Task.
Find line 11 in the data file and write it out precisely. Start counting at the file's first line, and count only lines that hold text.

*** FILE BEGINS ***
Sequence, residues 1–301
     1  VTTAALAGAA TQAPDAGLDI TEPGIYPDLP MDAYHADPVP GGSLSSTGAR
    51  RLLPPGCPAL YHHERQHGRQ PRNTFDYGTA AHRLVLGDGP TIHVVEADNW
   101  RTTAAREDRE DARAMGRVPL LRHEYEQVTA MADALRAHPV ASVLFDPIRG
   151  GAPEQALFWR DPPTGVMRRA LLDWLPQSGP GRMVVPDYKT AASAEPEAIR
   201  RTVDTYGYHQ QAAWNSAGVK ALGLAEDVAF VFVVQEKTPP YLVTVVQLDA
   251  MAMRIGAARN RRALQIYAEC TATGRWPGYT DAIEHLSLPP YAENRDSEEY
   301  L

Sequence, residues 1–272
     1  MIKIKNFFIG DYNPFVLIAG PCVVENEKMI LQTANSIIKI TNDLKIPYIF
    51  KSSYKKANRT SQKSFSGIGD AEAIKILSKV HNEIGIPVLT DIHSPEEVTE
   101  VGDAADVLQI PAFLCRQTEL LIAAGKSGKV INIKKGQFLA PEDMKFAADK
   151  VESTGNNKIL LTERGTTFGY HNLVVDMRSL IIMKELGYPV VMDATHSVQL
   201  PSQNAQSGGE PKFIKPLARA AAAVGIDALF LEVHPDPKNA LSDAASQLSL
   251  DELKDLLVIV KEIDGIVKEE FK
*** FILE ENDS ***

    51  KSSYKKANRT SQKSFSGIGD AEAIKILSKV HNEIGIPVLT DIHSPEEVTE